The bankruptcy court denied petitioners' motion for summary judgment and granted summary judgment to the government sua sponte. Pet. App. 24a-33a. The court observed that, although state law controls the place a federal tax lien is to be filed, federal law controls the form and content of the notice. Id. at 31a. The court noted that Treasury Regulations require a notice of federal tax lien to "identify the taxpayer," ibid. (citing 26 C.F.R. 301.6323(f)-1(d)(2)), and that here, the notices did "identify the taxpayer," ibid. The court explained that "[t]he IRS used the accepted abbreviation for the word 'Manufacturing';" that Spearing "frequently used the 'Mfg.' and 'MFG.' abbreviations in identifying itself"; and that the bank "itself referred to the debtor as 'Spearing Tool and Mfg.' in credit narratives prepared by a Crestmark employee." Id. at 32a-33a.

3. The district court reversed and granted summary judgment to petitioners, concluding that their security interests took priority over the federal tax lien. Pet. App. 11a-23a. In the district court's view, it would be unreasonable to require a lender "to conduct separate, multiple searches under the debtor's multiple possible names for a possible federal tax lien," and "[t]he burden on the government to include corporate taxpayers' [exact] registered names seems slight by comparison." Id. at 21a.

4. The court of appeals reversed the district court and affirmed the bankruptcy court's grant of summary judgment for the government. Pet. App. 3a-10a. The court noted that the form and content of a notice of federal tax lien is a matter of federal law, and that a notice validly identifies the taxpayer if a "reasonable and diligent search" would reveal the existence of the lien. Id. at 7a. The court concluded that petitioners should have submitted searches of Spearing's name using "Mfg." and "&," which are "most common abbreviations" that petitioners "had notice that Spearing sometimes used." Id. at 8a. The court observed that policy considerations also supported its conclusion because "[a] requirement that tax liens identify a taxpayer with absolute precision would be unduly burdensome to the government's tax-collection efforts." Id. at 9a. The court made clear that it intended to "express no opinion about whether creditors have a general obligation to search name variations," and that its "holding [was] limited to these facts." Ibid.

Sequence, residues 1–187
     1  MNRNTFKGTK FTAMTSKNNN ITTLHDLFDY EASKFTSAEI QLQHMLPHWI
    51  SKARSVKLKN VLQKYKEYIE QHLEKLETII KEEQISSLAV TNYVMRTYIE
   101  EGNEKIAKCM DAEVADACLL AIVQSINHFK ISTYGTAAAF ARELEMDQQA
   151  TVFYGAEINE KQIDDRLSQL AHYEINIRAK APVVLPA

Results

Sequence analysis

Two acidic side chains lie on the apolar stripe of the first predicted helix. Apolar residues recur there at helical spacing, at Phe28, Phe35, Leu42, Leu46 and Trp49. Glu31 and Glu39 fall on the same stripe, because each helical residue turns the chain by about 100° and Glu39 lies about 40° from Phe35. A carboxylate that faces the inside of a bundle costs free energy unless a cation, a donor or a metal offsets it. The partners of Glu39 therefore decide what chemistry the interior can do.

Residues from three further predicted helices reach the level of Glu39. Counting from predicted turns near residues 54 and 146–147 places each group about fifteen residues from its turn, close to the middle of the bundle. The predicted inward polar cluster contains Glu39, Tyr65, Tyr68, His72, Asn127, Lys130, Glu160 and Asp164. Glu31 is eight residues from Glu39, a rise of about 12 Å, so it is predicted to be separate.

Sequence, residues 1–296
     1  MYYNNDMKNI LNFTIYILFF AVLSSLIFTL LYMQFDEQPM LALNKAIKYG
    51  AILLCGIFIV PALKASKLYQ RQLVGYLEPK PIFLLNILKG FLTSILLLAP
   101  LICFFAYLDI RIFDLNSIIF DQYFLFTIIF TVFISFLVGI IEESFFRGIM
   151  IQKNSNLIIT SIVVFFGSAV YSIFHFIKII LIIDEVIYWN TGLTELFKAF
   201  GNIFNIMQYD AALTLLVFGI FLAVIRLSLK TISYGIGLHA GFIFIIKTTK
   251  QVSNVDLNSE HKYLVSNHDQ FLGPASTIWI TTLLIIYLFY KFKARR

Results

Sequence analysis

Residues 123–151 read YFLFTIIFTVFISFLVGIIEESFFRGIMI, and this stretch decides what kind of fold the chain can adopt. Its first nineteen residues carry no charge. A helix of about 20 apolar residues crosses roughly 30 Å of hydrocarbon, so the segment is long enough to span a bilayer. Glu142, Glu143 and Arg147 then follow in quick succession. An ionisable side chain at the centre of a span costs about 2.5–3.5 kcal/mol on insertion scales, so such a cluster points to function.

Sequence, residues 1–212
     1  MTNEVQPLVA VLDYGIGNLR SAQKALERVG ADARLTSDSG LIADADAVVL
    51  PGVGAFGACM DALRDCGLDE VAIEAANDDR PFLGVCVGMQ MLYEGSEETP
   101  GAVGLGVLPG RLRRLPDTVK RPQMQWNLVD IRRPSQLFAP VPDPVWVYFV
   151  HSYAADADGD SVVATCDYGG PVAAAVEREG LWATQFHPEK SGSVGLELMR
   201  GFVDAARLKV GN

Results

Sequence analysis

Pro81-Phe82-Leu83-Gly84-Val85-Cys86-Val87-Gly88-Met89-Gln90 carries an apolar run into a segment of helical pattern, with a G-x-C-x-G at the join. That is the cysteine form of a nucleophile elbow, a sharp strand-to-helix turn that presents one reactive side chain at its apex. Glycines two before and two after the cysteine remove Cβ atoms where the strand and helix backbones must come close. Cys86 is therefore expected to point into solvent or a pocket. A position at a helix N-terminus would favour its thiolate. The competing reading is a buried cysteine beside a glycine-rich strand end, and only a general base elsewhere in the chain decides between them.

ARGUMENT

The decision of the court of appeals is correct and does not conflict with any decision of this Court or any other court of appeals. Further review is therefore unwarranted.

1. It is fundamental that federal law controls the form and content of a notice of federal tax lien. United States v. Union Cent. Life Ins. Co., 368 U.S. 291, 296 (1961). Under 26 U.S.C. 6323(f)(3), "[t]he form and content of the notice" of lien "shall be prescribed by the Secretary," and "shall be valid notwithstanding any other provision of law regarding the form or content of a notice of lien." To be valid, a notice of lien must "identify the taxpayer." 26 C.F.R. 301.6323(f)-1(d)(2). It is well-settled that a notice "need not perfectly identify the taxpayer." Pet. App. 7a. Rather, a notice is valid if a "reasonable and diligent search" would reveal the tax lien's existence, even if the notice contains some manner of error in identifying the taxpayer. Tony Thornton Auction Serv., Inc. v. United States, 791 F.2d 635, 639 (8th Cir. 1986); see Kivel v. United States, 878 F.2d 301, 303, 305 (9th Cir. 1989).

The court of appeals correctly held that the notices of tax lien at issue in this case were valid under those standards, and the court's fact-bound conclusion warrants no further review. The notices used the name submitted by Spearing itself on certain of its employment tax returns. Although that name varied slightly from the company's exact name in the Michigan registry by using an ampersand in place of "and" and by abbreviating "Manufacturing" as "MFG," those abbreviations are "most common," and petitioners "had notice that Spearing sometimes used these abbreviations." Pet. App. 8a. Petitioners were in possession of documents that identified Spearing using variations of the exact registered name, including use of "&" instead of "and" and "Mfg." instead of "Manufacturing," and petitioners themselves referred to Spearing as "Spearing Tool and Mfg." in credit narratives. Gov't C.A. Br. 6; Pet. App. 8a, 33a. And a hand-written note on one search result specifically recommended that petitioners submit an alternative search using the precise name that appeared on the notices of federal tax lien. Id. at 5a. In those circumstances, the court of appeals correctly held that a reasonable and diligent search would have revealed the existence of the tax liens.2